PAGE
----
Tuesday, 29 January 2013

Careers advice - at school and beyond

There was plenty of coverage last week about MP's concerns over the decline of Careers advice in schools (click here for BBC coverage).  Having an education which not only gives young people the skills to thrive in the workplace but also an insight into different career paths is absolutely crucial - especially in a time of economic uncertainty.

I cannot help wondering if the decline in Careers advice is linked in with the increasing emphasis on measuring schools by a narrow range (e.g. the limited number of subjects in the English Baccalaureate and how many pupils study 'facilitating subjects' at A Level).

Once again, I feel very fortunate to be working in the independent sector where there is greater freedom to select the right balance and ensure our pupils have a proper, rounded education.  Last term we launched a web-based Careers site for our current and former pupils called 'The Jobs Network'.  It draws on the expertise of current parents and former pupils (Mentors) who are willing to offer advice on their chosen career practical help with work experience, CV writing and interview skills.

For our current pupils, this has already led to CV writing clinics, workshops on preparing for interviews and introductions to different careers.  Later on this term we are setting up mock job interviews for our Upper Sixth pupils.  There is a graduate entry job specification for which they will submit a letter of application and their CV and they will then have an interview with one of our Mentors and receive feedback on the process.  Far better to make mistakes and learn from them at school than later on in life.

This sort of opportunity is invaluable.  Especially with very few universities interviewing for entry, often the first such experience comes towards the end of university when a job is at stake.  It is not difficult to build this into education.  For example, we are currently interviewing pupils for Sports Scholarships and have deliberately used the format of a job interview so that they have an experience which develops those skills.

For our former pupils, this sort of Careers advice is particularly important and points out another problem nationally in seeing Careers advice as something done in schools.  We can do a huge amount with our pupils while they are with us but we fundamentally see our association with pupils and parents as being a lifelong process.  A real education not only prepares you to leave school but also sustains you beyond the school gate.

Sunday, 20 January 2013

Partnership through sport

Recently at King's we completed a deal with the local Council which is an interesting model of partnership and one worth sharing and explaining.  A short distance from our school is a sports centre which was built for the town by the Council.  It offered a great range of facilities including the sports hall, gym and several tennis courts but over time it had become dilapidated, public use declined and due to lack of demand it was often closed.  We have two sports halls at King's but were using the sports centre to broaden what we could offer to our pupils and out of this came the idea of how the school and council could work together for mutual benefit.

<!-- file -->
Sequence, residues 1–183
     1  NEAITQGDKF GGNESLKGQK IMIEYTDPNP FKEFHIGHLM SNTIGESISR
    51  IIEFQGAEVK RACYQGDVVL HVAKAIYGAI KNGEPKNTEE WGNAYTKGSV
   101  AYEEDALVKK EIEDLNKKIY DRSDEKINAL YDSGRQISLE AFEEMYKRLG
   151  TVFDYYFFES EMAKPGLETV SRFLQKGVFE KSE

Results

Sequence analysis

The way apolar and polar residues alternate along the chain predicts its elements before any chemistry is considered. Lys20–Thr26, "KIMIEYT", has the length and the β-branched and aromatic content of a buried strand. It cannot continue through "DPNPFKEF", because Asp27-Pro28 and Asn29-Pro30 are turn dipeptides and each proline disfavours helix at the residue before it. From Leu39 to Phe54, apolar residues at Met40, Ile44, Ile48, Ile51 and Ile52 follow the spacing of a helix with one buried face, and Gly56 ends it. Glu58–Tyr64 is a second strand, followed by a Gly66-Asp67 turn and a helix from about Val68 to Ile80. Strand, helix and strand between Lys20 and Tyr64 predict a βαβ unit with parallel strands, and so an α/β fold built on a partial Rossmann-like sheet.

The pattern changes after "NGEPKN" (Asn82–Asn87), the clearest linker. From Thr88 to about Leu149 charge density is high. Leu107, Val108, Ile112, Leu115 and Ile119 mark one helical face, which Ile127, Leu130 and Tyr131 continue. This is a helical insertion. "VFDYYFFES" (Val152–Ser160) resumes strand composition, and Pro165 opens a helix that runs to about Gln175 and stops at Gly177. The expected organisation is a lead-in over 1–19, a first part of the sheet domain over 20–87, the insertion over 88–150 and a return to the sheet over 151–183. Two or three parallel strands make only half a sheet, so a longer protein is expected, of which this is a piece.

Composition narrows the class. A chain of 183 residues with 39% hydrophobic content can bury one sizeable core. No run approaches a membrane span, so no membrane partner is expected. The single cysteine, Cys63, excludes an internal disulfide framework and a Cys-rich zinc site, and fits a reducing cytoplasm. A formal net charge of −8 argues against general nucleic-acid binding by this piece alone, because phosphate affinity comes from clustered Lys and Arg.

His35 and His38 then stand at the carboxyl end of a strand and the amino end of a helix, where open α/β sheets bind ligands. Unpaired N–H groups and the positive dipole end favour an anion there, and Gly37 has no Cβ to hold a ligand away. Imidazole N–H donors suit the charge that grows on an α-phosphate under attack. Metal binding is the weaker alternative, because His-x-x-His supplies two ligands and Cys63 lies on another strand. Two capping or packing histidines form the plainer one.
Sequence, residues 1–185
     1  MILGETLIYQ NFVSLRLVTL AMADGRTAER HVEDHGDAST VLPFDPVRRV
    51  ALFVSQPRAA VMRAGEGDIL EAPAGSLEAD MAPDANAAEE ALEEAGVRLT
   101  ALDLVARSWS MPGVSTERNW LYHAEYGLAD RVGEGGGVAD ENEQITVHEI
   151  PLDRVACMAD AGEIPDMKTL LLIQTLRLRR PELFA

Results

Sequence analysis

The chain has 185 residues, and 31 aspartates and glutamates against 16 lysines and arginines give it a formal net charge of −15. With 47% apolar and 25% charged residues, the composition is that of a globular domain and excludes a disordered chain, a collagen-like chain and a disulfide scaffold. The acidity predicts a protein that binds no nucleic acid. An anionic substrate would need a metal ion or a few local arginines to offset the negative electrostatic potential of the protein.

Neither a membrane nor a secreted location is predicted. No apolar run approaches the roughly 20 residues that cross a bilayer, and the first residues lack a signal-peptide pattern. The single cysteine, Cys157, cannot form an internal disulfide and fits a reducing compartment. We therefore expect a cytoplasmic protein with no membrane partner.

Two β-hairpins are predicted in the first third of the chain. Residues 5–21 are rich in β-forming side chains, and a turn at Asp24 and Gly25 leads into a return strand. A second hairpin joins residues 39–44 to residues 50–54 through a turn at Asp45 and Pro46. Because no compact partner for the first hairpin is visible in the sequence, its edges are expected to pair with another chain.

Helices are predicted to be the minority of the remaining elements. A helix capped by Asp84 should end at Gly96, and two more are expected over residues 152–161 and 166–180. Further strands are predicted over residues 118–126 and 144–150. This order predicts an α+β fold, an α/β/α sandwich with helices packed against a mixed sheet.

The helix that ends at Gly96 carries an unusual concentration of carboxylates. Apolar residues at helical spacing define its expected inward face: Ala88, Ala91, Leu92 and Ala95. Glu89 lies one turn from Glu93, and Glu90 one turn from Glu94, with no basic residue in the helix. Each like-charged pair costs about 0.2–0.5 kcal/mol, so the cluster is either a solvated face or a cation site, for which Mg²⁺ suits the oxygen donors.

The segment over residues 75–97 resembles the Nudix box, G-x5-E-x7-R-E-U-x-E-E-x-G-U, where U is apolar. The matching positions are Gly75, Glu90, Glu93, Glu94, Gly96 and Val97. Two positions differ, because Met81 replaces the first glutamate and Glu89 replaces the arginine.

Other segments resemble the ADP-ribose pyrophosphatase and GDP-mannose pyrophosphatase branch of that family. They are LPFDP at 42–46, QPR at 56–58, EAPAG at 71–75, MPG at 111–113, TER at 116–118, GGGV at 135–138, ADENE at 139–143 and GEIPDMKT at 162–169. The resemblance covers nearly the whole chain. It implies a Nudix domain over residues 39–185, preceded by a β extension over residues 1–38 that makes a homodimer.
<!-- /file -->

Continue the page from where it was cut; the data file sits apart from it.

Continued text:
Last term we signed an agreement with the Council whereby we acquired what is now called 'King's Rochester Sports Centre'.  We are now running the Centre and putting in half a million pounds of investment to dramatically improve the facilities.  Our pupils will have use of excellent sporting opportunities which is great for them and supports our programme of development.  Crucially we are also running it as a public Sports Centre which means our local community gains a huge benefit as well.  With excellent bar and catering facilties it can become a social as well as sporting hub; indeed the childrens' parties and roller skating sessions are particularly popular which as a parent makes me very happy!

One aspect which has got real potential to transform sport locally is our plan for tennis at the Centre.  Curiously, there are not many courts in the area but we have several at the Centre, although currently only three are even halfway playable.  The LTA have been fantastic in offering their support and expertise and we are shortly going out to tender to totally resurface the area to LTA specifications. 

In two weeks time we are holding assessments for five new sports scholarships at King's to celebrate the acquistion of the Sports Centre and later in the year the refurbishment will be complete.  It is a genuinely exciting project and one which I am gaining a great deal of satisfaction and enjoyment from.  This is the sort of venture which shows how an independent school and local Council can work together to great effect and provides a platform for the legacy from the Olympics which we all want to see.
King's Rochester Sports Centre - artist's impression